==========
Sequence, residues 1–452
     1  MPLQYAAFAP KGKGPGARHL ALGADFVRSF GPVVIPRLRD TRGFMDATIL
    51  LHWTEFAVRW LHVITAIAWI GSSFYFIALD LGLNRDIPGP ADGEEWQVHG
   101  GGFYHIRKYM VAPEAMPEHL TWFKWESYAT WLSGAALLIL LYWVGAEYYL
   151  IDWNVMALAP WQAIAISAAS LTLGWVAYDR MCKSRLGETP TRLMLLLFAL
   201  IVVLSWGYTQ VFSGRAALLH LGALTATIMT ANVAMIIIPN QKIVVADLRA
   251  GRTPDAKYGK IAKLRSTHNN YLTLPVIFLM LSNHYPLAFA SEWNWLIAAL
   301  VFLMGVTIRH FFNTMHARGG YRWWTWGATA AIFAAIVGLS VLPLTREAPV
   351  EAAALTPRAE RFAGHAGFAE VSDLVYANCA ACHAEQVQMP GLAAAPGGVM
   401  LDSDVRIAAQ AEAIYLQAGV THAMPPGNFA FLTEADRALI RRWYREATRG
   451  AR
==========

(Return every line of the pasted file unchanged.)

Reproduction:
Sequence, residues 1–452
     1  MPLQYAAFAP KGKGPGARHL ALGADFVRSF GPVVIPRLRD TRGFMDATIL
    51  LHWTEFAVRW LHVITAIAWI GSSFYFIALD LGLNRDIPGP ADGEEWQVHG
   101  GGFYHIRKYM VAPEAMPEHL TWFKWESYAT WLSGAALLIL LYWVGAEYYL
   151  IDWNVMALAP WQAIAISAAS LTLGWVAYDR MCKSRLGETP TRLMLLLFAL
   201  IVVLSWGYTQ VFSGRAALLH LGALTATIMT ANVAMIIIPN QKIVVADLRA
   251  GRTPDAKYGK IAKLRSTHNN YLTLPVIFLM LSNHYPLAFA SEWNWLIAAL
   301  VFLMGVTIRH FFNTMHARGG YRWWTWGATA AIFAAIVGLS VLPLTREAPV
   351  EAAALTPRAE RFAGHAGFAE VSDLVYANCA ACHAEQVQMP GLAAAPGGVM
   401  LDSDVRIAAQ AEAIYLQAGV THAMPPGNFA FLTEADRALI RRWYREATRG
   451  AR